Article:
"Cofion, G": Remembering Gwilym Pri[t]chard

“I haven’t kept any diaries as such, apart from the odd word or two in my sketch books.  I have never felt the need to write anything and I really cannot see the point why anyone would be interested in what I would have to say.”  This is what the painter Gwilym Prichard wrote to me in reply to some questions I had while I was working on a monograph on his life and art.  Knowing Gwilym, I also knew that, though he was a man of his word, one word might have to suffice even when I, as a would-be biographer, was hoping for a thousand.

Gwilym talked – and continues to talk – to us through his art; he also talked to his art and had, he told me, private conversations with the works as they came into being on the canvas.  He didn’t think much of critics or the need for interpretation.  He believed that an artist’s work should speak for itself.  Terse as his words to me might sound, they were uttered in humility rather than indignation.  “I am grateful,” he added in parenthesis, “that I have had some success with my painting – I really have very little confidence but what I produce or show is stuff that I have painted with love and sincerity.  I hope that this comes through.”  That love – and the success it brought – was easily documented, mostly through Gwilym’s paintings.

Above Rhostryfan (1982), the painting I chose for my 
obituary of Gwilym in the Guardian

“Any more questions?” Gwilym continued his notes, which, much to my surprise, amounted to over thirty handwritten pages.  Clearly, he did not mean to cut me off, and wished me and my partner, Robert Meyrick, “all the best with the writing” with which he had entrusted us.  He answered every question, right down to the matter of the “t,” the letter he dropped from his surname in midlife whenever he signed his art.

That “writing,” A Lifetime’s Gazing, was a very special assignment for me.  Through Bob, I met Gwilym and his artist wife, Claudia Williams not long after I had moved to Wales in November 2004.  Back then, I felt distanced from Wales and the Welsh; I found it difficult to find myself or to find any purpose for myself here.  In fact, I still struggle with that.  I did not know then that I would end up working on Gwilym’s monograph.  Though it began years later, the project offered me an opportunity to write about the culture that I, a German with a New York education, could never presume to call my own.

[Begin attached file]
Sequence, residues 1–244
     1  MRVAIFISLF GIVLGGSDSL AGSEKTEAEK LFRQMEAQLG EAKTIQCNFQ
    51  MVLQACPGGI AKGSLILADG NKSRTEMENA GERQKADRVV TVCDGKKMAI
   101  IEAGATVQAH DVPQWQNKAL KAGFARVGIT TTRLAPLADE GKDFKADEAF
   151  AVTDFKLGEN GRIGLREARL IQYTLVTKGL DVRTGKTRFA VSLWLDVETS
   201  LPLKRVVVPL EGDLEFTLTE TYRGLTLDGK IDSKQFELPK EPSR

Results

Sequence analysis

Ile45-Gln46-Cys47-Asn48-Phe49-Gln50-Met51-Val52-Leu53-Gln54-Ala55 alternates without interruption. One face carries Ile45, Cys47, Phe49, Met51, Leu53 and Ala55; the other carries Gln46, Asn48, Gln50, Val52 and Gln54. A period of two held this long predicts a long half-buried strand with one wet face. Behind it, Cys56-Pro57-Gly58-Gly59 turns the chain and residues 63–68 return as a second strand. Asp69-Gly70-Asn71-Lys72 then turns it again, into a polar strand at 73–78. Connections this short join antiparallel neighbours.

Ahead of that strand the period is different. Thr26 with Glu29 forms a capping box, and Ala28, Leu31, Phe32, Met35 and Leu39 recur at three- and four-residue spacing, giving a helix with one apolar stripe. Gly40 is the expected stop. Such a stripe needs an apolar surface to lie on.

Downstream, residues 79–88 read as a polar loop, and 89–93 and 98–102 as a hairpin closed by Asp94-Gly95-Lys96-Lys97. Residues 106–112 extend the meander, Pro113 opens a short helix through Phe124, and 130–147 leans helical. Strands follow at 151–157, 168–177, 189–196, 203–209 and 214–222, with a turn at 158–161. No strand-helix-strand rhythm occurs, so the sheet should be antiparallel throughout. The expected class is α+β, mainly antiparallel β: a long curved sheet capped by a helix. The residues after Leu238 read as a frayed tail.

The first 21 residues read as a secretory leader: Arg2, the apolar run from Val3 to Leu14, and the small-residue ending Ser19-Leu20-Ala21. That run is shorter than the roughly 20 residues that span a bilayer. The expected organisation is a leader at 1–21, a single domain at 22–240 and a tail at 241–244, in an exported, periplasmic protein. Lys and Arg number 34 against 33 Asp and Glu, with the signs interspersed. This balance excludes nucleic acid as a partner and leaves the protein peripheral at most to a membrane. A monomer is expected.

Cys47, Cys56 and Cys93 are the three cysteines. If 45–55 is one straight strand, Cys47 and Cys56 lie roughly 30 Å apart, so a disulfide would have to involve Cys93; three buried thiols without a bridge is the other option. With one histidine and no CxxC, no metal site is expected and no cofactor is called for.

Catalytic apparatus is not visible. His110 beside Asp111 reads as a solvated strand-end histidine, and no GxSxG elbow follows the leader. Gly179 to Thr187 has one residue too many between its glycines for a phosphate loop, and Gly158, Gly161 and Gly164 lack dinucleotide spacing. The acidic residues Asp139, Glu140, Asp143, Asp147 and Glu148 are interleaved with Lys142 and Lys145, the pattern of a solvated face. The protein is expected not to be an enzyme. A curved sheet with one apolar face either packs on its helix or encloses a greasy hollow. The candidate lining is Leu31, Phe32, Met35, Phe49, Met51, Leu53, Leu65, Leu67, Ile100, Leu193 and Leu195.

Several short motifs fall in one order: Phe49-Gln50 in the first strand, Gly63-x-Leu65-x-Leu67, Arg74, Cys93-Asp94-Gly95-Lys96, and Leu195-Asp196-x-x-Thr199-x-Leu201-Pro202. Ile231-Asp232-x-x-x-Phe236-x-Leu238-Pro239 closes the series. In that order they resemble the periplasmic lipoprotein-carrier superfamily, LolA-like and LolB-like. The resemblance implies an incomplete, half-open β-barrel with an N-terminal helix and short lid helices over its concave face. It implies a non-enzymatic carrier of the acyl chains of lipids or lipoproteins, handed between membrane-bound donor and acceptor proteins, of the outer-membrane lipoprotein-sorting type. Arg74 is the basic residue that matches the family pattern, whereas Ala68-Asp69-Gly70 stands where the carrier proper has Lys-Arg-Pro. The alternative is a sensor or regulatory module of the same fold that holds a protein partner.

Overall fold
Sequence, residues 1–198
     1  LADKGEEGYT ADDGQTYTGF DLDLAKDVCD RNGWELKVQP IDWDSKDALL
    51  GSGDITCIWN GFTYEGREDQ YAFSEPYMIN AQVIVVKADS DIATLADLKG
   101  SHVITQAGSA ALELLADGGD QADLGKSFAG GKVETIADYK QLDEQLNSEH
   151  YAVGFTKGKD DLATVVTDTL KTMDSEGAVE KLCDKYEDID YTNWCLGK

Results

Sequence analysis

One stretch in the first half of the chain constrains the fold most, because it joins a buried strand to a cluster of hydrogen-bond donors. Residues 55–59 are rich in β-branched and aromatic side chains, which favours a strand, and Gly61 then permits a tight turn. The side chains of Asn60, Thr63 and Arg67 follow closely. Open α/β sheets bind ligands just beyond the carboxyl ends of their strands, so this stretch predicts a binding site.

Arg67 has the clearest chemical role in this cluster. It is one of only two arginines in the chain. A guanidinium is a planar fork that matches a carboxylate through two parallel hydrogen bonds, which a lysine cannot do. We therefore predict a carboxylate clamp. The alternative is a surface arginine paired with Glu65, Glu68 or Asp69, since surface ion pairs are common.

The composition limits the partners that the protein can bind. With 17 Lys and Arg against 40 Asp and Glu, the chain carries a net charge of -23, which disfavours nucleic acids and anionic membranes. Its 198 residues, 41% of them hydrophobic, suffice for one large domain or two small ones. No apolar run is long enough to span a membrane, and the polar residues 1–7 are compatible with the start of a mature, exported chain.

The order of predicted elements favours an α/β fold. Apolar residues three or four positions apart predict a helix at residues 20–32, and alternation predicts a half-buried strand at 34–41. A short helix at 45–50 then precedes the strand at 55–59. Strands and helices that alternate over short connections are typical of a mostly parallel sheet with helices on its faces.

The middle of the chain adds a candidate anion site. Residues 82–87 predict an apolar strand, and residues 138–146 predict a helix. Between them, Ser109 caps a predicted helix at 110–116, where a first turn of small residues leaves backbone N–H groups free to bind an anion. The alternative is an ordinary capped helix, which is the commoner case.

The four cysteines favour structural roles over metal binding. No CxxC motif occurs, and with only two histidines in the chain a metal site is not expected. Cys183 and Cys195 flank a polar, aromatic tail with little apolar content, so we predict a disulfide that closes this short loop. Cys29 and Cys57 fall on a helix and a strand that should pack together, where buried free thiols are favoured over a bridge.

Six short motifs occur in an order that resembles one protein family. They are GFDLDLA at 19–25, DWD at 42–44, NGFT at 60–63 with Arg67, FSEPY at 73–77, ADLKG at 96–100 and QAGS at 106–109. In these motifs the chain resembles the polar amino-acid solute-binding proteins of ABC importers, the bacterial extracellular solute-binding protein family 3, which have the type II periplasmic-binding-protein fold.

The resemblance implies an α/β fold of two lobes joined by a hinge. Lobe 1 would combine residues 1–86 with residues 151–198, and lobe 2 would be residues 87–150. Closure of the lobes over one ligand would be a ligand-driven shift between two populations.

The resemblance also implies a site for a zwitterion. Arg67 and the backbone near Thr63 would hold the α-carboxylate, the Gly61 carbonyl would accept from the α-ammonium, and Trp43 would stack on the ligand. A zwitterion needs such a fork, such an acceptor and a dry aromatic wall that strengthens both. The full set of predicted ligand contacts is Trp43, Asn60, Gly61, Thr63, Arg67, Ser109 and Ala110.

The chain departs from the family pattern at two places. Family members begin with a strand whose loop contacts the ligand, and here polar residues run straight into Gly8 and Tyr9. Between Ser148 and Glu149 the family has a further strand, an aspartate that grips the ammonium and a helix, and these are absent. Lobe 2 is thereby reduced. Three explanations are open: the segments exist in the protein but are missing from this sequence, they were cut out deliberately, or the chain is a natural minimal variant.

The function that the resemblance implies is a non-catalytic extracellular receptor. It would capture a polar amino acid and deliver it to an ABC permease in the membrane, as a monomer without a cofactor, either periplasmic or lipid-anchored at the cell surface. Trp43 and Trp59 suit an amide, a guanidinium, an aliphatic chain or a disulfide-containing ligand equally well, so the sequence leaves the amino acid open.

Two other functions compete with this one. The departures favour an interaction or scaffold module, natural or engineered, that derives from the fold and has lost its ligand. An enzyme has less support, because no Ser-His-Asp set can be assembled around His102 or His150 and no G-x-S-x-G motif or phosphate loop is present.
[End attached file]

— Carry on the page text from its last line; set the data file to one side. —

I could relate to Gwilym in his difficulties of expressing himself fully – I mean truthfully and meaningfully – in English, Welsh being his first language, the language of his childhood.  Welsh spoke to him differently.  “I am a Welsh painter because I am Welsh,” he wrote, refusing to make an issue of what he felt to be at the core of his being … something understood.

Gwilym described himself as “emotional,” and English was perhaps too much the language of adulthood or reason, too abstract for an artist who treasured the concrete – the rock, the sea, and the soil.  The concrete had weight and depth for him, a weight and depth he did not have to measure because he felt it as an immeasurably rich presence, a constant in a life full of change and challenge.

How fortunate Gwilym was to have developed such a language; and how lucky we are to be hearing him with our own eyes whenever we look at the works that chart his journey …

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